Local SEO and other digital marketing practices often rely on Google Ads in order to increase the number of visitors to a certain website or to promote a product etc. However, relying on ads is so much more than simply paying for the promotion and waiting on clients to start pouring in. You will also have to take some time and analyze the data on your Adwords account. This is done in order to evaluate the effectiveness of google ads, and figure out how to better utilize them.
These account audits are a standard practice among digital marketing specialists, and there are different tools that you can use to visualize the results of ads campaign. In this blog post, we will explain what AdWords audit means, why it is conducted, how you can perform an AdWords audit, and what should be on your audit checklist.
Google Ads audit is a process of analyzing the settings of your ad campaign or more precisely evaluating the effectiveness of ads. The idea is to gain enough insight that points out some of the flaws in your business strategy and allow you to improve the performance of your account.
Bear in mind though that you only get the results that are generated by an algorithm. In other words, this is an algorithmic-based analysis or audit, and as a result, might lack relevant context as to why the outcomes are the way they are. Meaning, there is a lot of work that needs to be done on your part in order to make the best out of that information, and use it for adjusting your advertising strategy.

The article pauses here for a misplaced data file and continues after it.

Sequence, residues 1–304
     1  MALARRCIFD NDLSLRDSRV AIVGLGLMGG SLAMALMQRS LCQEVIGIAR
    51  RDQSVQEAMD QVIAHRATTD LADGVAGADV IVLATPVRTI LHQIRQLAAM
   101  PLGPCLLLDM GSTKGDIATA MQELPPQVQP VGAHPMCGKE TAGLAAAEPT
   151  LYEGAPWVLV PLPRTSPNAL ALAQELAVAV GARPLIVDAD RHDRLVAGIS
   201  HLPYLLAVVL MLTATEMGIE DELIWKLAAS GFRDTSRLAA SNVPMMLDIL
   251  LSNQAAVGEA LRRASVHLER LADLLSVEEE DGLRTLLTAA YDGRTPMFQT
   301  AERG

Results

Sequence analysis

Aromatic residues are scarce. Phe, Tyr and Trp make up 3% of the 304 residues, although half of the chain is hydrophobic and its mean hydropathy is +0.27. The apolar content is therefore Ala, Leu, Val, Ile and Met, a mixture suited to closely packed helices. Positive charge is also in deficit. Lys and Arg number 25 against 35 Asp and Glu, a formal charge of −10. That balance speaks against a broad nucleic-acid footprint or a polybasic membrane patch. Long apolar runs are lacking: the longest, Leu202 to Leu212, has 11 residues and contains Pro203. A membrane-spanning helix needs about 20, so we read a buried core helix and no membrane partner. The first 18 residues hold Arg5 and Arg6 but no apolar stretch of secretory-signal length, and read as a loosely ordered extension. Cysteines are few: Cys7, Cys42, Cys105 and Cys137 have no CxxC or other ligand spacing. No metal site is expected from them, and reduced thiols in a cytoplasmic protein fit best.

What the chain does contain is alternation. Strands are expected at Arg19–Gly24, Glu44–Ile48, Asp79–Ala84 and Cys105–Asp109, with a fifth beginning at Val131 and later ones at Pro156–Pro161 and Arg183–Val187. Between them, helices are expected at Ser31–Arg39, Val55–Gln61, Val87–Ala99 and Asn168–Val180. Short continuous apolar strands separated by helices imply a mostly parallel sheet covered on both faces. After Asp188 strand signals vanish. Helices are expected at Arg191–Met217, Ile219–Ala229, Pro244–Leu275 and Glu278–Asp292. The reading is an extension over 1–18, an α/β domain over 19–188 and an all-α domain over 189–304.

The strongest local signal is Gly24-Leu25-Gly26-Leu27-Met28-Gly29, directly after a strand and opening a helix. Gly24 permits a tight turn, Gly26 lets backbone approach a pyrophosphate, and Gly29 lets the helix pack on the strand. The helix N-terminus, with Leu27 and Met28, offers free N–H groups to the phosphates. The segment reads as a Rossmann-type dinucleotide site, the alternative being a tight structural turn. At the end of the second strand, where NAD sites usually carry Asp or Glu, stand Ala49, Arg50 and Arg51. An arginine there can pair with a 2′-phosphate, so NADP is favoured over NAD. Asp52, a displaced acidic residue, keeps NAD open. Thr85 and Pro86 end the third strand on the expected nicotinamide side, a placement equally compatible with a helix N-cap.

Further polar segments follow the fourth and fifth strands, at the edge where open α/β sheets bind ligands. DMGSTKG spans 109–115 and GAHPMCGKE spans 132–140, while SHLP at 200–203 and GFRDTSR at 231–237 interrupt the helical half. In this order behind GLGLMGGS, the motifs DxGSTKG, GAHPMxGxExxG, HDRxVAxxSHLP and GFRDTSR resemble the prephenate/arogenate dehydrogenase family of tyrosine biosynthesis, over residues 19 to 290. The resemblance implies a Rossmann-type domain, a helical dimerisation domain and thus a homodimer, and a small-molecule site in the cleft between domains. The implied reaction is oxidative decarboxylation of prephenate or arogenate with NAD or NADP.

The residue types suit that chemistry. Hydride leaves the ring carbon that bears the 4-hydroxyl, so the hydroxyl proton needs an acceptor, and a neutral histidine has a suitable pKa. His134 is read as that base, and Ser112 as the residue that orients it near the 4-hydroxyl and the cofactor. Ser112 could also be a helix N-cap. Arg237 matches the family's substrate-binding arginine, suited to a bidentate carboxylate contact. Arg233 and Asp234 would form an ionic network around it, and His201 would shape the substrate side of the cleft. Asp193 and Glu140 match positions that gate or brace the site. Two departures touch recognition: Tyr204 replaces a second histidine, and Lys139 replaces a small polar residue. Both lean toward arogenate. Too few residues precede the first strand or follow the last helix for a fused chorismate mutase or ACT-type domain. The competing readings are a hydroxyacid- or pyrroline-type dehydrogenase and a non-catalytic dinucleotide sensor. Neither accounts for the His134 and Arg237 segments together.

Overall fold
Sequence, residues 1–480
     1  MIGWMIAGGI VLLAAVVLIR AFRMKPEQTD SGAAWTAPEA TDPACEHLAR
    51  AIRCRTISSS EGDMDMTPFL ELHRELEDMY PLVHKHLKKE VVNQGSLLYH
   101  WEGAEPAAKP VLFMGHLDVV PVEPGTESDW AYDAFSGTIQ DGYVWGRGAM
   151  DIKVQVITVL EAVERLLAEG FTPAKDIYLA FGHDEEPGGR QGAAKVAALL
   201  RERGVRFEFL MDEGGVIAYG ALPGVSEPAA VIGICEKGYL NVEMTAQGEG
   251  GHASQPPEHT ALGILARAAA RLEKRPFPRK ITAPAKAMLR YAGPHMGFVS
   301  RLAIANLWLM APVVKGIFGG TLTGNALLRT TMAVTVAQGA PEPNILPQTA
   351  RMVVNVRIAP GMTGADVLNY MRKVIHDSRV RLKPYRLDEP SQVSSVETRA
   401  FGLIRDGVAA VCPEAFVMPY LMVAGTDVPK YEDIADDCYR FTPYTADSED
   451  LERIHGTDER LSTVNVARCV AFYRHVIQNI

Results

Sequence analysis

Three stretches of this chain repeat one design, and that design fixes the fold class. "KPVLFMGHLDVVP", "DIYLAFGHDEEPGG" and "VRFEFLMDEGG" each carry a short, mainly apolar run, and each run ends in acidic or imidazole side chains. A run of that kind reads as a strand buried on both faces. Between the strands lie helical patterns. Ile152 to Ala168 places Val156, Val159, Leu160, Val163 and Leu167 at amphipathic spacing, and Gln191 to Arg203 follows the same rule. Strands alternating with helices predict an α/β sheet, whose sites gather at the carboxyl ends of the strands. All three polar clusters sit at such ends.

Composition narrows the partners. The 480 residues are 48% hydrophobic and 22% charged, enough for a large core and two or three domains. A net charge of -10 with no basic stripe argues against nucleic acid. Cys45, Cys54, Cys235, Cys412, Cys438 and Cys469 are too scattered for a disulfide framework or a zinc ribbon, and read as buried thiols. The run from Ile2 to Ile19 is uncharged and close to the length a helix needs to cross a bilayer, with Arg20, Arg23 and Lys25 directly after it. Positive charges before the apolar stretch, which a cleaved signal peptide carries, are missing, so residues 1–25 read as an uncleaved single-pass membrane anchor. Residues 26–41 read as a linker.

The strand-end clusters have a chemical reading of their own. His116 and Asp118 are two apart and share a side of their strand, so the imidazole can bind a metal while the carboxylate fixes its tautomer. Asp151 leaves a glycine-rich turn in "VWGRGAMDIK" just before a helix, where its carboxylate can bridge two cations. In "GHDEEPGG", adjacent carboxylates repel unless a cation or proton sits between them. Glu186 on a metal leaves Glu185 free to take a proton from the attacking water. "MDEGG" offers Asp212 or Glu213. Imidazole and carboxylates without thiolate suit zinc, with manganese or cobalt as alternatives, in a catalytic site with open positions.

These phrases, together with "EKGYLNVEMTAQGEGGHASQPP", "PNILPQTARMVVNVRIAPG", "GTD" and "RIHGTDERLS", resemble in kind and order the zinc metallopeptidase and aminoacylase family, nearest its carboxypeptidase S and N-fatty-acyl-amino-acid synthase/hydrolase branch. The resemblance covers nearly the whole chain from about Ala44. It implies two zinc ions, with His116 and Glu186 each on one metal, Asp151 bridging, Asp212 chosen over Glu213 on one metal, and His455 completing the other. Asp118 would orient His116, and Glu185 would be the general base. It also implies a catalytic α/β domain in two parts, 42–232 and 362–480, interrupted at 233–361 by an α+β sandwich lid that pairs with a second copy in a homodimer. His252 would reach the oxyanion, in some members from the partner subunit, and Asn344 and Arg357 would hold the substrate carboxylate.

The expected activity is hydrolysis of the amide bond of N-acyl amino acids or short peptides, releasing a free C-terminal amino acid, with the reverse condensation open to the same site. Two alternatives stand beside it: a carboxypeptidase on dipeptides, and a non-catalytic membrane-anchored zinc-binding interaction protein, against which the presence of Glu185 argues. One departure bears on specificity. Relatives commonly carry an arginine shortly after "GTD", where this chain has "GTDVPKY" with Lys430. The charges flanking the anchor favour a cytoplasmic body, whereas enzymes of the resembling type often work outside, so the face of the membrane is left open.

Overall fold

When performing an ads audit there are a few things you need to keep in mind:
If you do all of these things the report will be able to derive some conclusions from this report and even redefine some of your business goals. Here are some more concrete examples of those insights.
If your report can incorporate all of this it will allow you to enhance your management efforts and even maximize your PPC so that only relevant people end up on your platform.
If you have an active google ads campaign and that you want to evaluate its impact, then there are a few steps that you should follow, in order to make the best out of that analysis.
Before starting the analysis you need to establish what are your marketing goals in the first place, in order to see to which extent the ad campaign helped you realize those goals. Clearly, you don't have to settle for a single goal, considering how these campaigns can help you achieve multiple things. The more specific you are the better though. Here are a few things to consider when analyzing these goals:
If you know exactly what you wish to track, you can have more insightful analysis and more accurate business intelligence.